By Daily Nation
The number of coronavirus cases in Kenya increased to 126 after four people tested positive on Saturday.
Health Cabinet Secretary Mutahi Kagwe said the new patients include three Kenyans and a Pakistani national. The CS also appealed to the youth to help fight the virus.
Previously, Mr Kagwe chastised young people for downplaying the directive on social distancing. He told them to be at the forefront in fighting Covid-19.
Mr Kagwe said the ministry has monitored 1,781 contacts and discharged 1,109 from the follow-up after the expiry of 14 days of isolation.
The appeal comes when studies have shown that the outbreak has entered a new, more potent phase dictated by local or community transmissions and not the ones imported.
Director General for Health Patrick Amoth said the local infections account for about a quarter of total.
Mr Kagwe said 2,050 people are in mandatory quarantine and that 1,866 in this group have been tested.
“Some 184 individuals are yet to be tested,” he said.
Experts say the biggest challenge for the ministry will be contact tracing.
This involves identifying, then alerting people who have been within the infection range of a person confirmed to have the virus.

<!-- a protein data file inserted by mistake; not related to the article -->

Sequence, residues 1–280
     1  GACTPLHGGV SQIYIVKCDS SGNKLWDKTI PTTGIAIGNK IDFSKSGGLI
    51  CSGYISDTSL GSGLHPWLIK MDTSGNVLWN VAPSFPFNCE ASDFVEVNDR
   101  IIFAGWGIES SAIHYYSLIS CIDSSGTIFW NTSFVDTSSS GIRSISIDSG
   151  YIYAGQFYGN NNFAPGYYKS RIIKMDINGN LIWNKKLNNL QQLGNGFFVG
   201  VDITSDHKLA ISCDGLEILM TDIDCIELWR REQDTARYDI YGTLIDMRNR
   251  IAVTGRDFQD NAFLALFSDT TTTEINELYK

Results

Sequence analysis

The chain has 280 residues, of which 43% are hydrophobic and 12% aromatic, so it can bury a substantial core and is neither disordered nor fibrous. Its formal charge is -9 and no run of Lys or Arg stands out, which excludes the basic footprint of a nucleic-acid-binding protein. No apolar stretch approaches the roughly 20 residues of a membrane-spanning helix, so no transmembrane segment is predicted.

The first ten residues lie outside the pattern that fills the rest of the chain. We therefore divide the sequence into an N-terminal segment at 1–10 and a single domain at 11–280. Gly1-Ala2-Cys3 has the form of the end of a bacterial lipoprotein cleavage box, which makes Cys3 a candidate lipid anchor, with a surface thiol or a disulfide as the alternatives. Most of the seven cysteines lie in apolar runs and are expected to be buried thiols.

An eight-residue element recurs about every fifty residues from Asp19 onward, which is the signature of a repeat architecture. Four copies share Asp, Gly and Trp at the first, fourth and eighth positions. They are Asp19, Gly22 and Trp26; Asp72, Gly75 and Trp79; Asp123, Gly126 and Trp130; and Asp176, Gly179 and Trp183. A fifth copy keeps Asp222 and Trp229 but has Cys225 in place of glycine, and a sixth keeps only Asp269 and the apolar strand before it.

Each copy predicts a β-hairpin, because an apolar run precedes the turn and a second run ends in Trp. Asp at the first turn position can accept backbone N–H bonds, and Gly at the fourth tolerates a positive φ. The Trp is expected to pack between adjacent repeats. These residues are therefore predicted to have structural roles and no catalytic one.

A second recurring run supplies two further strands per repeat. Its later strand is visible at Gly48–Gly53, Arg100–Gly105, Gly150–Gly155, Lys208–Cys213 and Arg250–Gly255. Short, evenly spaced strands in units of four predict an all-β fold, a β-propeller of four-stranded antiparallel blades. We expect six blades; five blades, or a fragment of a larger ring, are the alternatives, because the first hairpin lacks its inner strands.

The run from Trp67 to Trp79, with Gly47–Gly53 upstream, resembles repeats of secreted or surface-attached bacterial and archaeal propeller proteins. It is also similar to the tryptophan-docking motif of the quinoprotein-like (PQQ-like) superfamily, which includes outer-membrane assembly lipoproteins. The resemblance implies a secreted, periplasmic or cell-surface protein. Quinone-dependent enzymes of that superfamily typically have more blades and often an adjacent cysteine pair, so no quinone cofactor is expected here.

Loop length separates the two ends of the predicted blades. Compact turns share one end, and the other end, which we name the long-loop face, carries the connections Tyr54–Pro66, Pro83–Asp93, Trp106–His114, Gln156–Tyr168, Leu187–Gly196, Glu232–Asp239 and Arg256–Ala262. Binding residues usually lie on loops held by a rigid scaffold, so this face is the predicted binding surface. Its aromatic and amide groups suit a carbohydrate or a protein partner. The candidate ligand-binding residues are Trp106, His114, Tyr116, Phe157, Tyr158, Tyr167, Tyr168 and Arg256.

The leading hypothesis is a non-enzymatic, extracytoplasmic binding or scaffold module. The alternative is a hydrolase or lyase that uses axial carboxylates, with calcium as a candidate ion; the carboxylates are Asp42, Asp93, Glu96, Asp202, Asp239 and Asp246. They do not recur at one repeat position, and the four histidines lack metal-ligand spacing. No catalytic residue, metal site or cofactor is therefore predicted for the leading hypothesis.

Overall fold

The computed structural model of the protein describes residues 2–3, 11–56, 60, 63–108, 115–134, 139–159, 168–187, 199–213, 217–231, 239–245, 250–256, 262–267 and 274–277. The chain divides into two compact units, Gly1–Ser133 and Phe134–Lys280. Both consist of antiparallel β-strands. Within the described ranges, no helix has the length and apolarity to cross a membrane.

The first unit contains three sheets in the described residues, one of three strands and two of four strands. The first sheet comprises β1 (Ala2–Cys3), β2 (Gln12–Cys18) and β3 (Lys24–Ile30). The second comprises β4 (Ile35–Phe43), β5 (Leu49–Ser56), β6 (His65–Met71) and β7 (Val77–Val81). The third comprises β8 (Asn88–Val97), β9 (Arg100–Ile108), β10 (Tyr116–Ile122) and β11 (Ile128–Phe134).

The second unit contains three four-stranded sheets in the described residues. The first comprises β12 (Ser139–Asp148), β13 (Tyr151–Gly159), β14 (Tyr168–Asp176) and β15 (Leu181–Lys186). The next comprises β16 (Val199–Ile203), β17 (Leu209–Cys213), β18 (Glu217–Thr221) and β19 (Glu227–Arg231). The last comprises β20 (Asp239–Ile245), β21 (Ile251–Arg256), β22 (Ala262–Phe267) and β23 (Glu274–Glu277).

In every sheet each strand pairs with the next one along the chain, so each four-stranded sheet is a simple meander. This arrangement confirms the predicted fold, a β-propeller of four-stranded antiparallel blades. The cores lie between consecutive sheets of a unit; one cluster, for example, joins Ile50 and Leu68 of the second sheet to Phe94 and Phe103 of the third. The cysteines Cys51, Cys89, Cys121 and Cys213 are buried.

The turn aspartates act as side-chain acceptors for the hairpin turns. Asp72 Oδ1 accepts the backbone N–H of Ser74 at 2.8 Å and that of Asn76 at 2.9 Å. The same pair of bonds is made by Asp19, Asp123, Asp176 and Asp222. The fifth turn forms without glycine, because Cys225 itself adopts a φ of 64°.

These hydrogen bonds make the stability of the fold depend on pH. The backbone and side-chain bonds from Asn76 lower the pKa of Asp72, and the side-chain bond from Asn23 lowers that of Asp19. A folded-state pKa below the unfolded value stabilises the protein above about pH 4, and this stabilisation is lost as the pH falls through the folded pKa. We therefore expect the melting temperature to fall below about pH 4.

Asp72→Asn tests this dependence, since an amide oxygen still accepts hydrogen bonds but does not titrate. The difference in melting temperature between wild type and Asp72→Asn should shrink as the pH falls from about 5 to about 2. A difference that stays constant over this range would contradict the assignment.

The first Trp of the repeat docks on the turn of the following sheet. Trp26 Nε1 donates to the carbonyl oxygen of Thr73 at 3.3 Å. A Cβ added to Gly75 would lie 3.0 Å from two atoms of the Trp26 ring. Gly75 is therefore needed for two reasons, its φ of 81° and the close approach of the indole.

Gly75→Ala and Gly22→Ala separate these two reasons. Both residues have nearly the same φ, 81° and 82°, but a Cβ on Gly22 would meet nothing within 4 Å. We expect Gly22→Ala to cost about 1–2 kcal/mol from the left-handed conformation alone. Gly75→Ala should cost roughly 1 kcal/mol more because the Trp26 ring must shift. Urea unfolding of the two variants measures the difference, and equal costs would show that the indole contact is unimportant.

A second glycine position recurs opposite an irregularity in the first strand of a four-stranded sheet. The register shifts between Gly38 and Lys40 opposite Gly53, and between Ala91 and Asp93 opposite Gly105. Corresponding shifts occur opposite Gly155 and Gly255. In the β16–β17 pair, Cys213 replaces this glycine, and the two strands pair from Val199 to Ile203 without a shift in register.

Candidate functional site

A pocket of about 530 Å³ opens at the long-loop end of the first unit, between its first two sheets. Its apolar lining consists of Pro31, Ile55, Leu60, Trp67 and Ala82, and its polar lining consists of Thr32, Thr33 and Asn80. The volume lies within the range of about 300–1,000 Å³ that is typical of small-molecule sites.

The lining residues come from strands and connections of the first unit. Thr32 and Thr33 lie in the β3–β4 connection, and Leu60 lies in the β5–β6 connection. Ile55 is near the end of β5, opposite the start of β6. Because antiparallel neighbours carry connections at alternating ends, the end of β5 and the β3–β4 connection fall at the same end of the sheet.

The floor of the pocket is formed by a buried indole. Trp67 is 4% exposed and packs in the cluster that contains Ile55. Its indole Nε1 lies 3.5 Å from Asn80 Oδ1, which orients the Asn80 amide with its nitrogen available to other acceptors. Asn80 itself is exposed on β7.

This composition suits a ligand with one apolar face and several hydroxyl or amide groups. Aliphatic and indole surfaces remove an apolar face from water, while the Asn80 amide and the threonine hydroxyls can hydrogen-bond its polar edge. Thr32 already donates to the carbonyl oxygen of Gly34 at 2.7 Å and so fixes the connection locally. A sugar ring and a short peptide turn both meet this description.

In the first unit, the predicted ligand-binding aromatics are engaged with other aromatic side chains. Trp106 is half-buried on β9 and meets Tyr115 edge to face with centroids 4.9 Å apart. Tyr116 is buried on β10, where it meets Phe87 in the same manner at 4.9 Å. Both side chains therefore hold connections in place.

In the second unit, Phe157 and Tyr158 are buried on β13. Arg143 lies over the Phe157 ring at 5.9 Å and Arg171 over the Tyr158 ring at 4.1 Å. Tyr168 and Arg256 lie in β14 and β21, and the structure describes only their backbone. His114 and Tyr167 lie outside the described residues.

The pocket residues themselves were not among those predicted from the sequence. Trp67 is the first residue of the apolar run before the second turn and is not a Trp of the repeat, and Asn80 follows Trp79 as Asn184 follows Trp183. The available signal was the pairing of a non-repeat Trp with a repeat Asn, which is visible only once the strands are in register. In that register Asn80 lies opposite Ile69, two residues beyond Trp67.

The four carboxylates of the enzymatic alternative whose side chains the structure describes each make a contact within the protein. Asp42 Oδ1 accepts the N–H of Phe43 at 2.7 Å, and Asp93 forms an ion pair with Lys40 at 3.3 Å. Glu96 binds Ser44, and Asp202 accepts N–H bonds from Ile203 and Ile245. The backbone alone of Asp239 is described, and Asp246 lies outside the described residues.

Mr Fredros Okumu, a public health expert, said the use of public service in Kenya makes it very difficult to know the number of people exposed.
Mr Kagwe said young people would be rendered jobless should the economy collapse and that they would bury their parents in large numbers.
Using phrases like “my sons” and “my daughters”, Mr Kagwe asked young people to utilise the organisations they have formed such as football clubs, savings and credit cooperative societies, (saccos), businesses and other commercial enterprise groups to augment the government’s efforts in the fight against the pandemic.
“The youth can organise themselves into groups and assist our security agencies in ensuring Kenyans maintain social distance, among other measures we have announced in the fight against this disease,” the minister said.
He repeated that young people should not go to their rural homes because “you might kill your parents or grandparents who are elderly”.
“Statistics shows that the young people are the ones contracting the disease and then passing it on to the elderly,” he said.
Mr Kagwe also urged the youth and the public in general to wear masks when visiting supermarkets or any open air market in order to prevent the spread of the deadly virus.
The federal Centres for Disease Control and Prevention (CDC) also warn that as many as 25 per cent of people infected with the new coronavirus may not show symptoms.
This has led the CDC to broaden its guidelines on who should wear the masks.
The minister dismissed the vigilante groups who have turned to beating and killing in the name of enforcing social distancing and the curfew, saying that is lawlessness.